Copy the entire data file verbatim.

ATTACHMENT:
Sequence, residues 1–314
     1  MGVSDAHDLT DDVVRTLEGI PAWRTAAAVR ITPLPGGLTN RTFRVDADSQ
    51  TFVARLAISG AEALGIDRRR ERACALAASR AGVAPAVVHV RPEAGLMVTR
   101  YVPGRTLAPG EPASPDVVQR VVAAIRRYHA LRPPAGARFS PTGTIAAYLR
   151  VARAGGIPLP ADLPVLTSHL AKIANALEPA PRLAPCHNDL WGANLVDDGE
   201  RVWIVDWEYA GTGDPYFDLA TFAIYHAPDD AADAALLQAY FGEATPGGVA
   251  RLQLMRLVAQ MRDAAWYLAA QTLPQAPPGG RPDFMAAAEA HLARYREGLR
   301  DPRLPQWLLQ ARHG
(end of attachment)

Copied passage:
Sequence, residues 1–314
     1  MGVSDAHDLT DDVVRTLEGI PAWRTAAAVR ITPLPGGLTN RTFRVDADSQ
    51  TFVARLAISG AEALGIDRRR ERACALAASR AGVAPAVVHV RPEAGLMVTR
   101  YVPGRTLAPG EPASPDVVQR VVAAIRRYHA LRPPAGARFS PTGTIAAYLR
   151  VARAGGIPLP ADLPVLTSHL AKIANALEPA PRLAPCHNDL WGANLVDDGE
   201  RVWIVDWEYA GTGDPYFDLA TFAIYHAPDD AADAALLQAY FGEATPGGVA
   251  RLQLMRLVAQ MRDAAWYLAA QTLPQAPPGG RPDFMAAAEA HLARYREGLR
   301  DPRLPQWLLQ ARHG